Watch your weight. Studies show that losing just five to ten percent of your body weight can reduce your chances of developing the disease by nearly 60 percent.4 And if you’re already suffering from type 2 diabetes, shedding those excess pounds can make you less insulin resistant.
Get moving! When you engage in physical activity, your muscles require more energy in the form of blood sugar. This lowers the amount of glucose in your blood. Exercise also increases insulin sensitivity. But you don’t need to become a gym rat to experience the metabolic perks of physical activity. Research in the journal Diabetologia found that engaging in brief snack-sized portions of moderate- to high-intensity exercise before meals helped to control blood glucose levels better than spending an uninterrupted hour on the treadmill.5
Don’t shortchange your shuteye. Numerous studies report that sleep deprivation can have a dramatic effect on your blood sugar and insulin levels. Aim to consistently get seven to nine hours of quality sleep each night.6
Add supplemental blood sugar support. While diet and exercise can go a long way towards keeping your blood sugar levels in a healthy range, sometimes you need a little extra support. This is especially important if you are prediabetic or otherwise at high risk of developing type 2 diabetes. But, be aware that not all blood sugar supplements are the same. Look for a comprehensive supplement like Kyolic Blood Sugar Balance that provides clinically studied ingredients such as Aged Garlic Extract, which has been shown to improve the uptake of glucose and help reduce diabetic complications; bitter melon, which helps make cells more sensitive—rather than resistant—to insulin; and salacia, which prevents blood sugar spikes by stabilizing glucose levels.7, 8, 9 What’s more, Kyolic Blood Sugar Balance also includes two nutrients—chromium picolinate and niacin—that not only improve blood sugar but also aid in weight management when combined with a healthy diet and exercise.10, 11
Type 2 diabetes may be heading toward epidemic territory but it doesn’t have to be part of your future. Taking steps now to support healthy insulin production and sensitivity can keep your blood sugar in check and your odds of developing diabetes low. But if you’ve already been diagnosed with prediabetes or diabetes, working with your healthcare provider to develop a plan that incorporates these lifestyle changes can help you break free from this all-too-common condition.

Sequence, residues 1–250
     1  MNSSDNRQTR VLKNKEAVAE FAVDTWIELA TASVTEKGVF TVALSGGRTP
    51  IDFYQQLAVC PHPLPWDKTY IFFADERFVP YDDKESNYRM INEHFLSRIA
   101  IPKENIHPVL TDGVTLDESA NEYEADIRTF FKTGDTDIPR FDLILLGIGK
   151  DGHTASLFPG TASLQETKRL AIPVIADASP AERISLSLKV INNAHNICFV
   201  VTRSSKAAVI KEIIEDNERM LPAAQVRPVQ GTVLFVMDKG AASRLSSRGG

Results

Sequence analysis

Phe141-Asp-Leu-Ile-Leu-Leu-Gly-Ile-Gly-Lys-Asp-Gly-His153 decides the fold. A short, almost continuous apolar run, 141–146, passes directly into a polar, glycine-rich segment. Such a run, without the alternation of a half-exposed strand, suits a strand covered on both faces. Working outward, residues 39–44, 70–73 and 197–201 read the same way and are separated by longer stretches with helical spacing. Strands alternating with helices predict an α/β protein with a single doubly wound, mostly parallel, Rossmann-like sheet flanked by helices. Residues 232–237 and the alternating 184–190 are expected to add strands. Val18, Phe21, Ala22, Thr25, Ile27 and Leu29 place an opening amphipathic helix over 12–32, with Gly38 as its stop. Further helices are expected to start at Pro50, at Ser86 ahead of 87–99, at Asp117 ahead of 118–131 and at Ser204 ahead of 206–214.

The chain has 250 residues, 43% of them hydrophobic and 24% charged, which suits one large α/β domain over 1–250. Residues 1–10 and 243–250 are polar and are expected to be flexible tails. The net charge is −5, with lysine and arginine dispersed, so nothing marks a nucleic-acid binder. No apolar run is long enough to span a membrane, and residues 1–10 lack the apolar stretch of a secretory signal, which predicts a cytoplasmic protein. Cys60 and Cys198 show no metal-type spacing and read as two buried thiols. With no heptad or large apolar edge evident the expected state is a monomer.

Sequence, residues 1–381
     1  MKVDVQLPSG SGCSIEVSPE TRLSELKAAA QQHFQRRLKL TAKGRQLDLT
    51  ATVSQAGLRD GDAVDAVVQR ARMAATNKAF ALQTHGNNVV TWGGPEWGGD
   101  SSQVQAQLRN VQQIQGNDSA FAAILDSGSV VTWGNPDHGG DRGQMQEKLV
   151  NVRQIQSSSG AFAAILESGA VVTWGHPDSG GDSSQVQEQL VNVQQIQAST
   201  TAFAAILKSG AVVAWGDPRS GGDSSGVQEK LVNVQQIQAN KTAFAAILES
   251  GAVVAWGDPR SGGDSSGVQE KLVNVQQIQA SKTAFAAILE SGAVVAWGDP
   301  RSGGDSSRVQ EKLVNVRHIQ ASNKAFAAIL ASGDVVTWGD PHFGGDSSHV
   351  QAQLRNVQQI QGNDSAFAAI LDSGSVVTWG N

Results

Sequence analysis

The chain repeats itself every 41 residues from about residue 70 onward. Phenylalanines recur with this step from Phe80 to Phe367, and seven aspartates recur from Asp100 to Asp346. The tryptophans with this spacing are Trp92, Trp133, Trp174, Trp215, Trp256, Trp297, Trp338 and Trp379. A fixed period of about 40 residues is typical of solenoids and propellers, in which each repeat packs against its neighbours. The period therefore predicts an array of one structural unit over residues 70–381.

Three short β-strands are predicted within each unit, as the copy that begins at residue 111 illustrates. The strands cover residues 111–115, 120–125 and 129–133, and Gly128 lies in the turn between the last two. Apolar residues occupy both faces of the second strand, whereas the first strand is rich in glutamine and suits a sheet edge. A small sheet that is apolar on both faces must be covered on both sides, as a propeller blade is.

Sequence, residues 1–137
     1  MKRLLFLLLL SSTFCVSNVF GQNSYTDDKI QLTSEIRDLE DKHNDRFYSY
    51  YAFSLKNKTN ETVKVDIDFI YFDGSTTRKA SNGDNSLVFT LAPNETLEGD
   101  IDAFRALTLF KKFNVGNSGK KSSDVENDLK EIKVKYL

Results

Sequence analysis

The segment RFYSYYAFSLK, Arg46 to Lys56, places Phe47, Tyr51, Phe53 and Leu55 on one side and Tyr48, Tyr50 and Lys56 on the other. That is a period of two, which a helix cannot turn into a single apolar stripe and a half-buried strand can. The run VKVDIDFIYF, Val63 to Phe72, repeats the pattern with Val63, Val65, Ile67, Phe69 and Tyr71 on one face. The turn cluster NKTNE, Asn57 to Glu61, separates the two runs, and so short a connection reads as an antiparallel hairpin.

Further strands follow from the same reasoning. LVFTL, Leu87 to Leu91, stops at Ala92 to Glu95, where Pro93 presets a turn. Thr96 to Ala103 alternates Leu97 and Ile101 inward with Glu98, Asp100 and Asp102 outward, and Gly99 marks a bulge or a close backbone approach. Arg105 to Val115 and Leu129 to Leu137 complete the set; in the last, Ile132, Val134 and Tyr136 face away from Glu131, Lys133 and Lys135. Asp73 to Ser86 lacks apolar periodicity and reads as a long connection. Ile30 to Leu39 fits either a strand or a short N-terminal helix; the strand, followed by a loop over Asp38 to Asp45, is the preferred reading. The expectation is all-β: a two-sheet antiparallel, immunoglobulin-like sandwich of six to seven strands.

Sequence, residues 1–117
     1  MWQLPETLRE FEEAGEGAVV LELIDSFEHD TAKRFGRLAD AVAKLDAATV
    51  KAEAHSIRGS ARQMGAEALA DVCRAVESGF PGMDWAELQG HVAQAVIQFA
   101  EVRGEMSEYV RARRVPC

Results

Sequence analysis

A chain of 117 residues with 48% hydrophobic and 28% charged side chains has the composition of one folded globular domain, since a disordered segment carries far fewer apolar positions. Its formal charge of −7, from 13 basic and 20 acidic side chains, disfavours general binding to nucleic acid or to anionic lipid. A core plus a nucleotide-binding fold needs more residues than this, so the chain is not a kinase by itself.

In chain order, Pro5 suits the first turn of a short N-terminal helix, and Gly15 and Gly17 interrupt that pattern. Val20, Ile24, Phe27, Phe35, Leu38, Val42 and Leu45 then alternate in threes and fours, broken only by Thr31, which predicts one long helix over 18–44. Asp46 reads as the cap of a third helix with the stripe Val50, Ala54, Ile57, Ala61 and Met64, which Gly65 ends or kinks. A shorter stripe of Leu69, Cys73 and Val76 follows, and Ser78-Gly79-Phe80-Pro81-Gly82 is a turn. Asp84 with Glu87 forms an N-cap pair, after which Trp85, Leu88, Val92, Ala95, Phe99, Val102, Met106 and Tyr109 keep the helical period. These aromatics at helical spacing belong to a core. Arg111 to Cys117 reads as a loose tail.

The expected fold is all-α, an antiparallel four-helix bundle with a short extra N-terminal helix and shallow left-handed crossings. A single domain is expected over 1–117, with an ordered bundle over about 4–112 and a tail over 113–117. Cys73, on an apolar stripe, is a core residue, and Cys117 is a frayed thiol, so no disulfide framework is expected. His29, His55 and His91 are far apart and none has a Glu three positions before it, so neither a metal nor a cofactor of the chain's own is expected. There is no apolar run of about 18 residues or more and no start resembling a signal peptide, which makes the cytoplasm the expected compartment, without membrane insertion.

- Number of Americans with diabetes projected to double or triple by 2050. Centers for Disease Control and Prevention. https://www.cdc.gov/media/pressrel/2010/r101022.html
- Risk factors for type 2 diabetes. National Institute of Diabetes and Digestive and Kidney Diseases. 2022. https://www.niddk.nih.gov/health-information/diabetes/overview/risk-factors-type-2-diabetes
- Understanding A1C. American Diabetes Association. https://diabetes.org/diabetes/a1c
- Diabetes. Johns Hopkins Medicine. https://www.hopkinsmedicine.org/endoscopic-weight-loss-program/conditions/diabetes.html
- Francois ME. ‘Exercise snacks’ before meals: a novel strategy to improve glycaemic control in individuals with insulin resistance. Diabetologia, 2014; 57:1437-1445.
- Tiwari R. Effects of sleep intervention on glucose control: A narrative review of clinical evidence. Primary Care Diabetes. 2021;15(4):635-641.
- Maeda T. Aged garlic extract ameliorates fatty liver and insulin resistance and improves the gut microbiota profile in a mouse model of insulin resistance. Experimental and Therapeutic Medicine. 2019; 18(1): 857-866.
- Chang, C. Bitter melon extract yields multiple effects on intestinal epithelial cells and likely contributes to anti-diabetic functions. International Journal of Medical Sciences. 2021; 18(8): 1848-1856.
- Jeykodi S. Salacia extract improves postprandial glucose and insulin response: A randomized double-blind, placebo controlled, crossover study in healthy volunteers. Journal of Diabetes Research. 2016;2016:7971831.
- Willoughby D. Body composition changes in weight loss: Strategies and supplementation for maintaining lean body mass, a brief review. Nutrients. 2018; 10(12):1876.
- Fessel J. Effects of niacin upon fat expansion in HIV-positive patients who have the fat redistribution syndrome (FRS). Ninth Conference on Retroviruses and Opportunistic Infections, Seattle, abstract 703, 2002.
This article is for informational purposes only. This article is not, nor is it intended to be, a substitute for professional medical advice, diagnosis, or treatment and should never be relied upon for specific medical advice.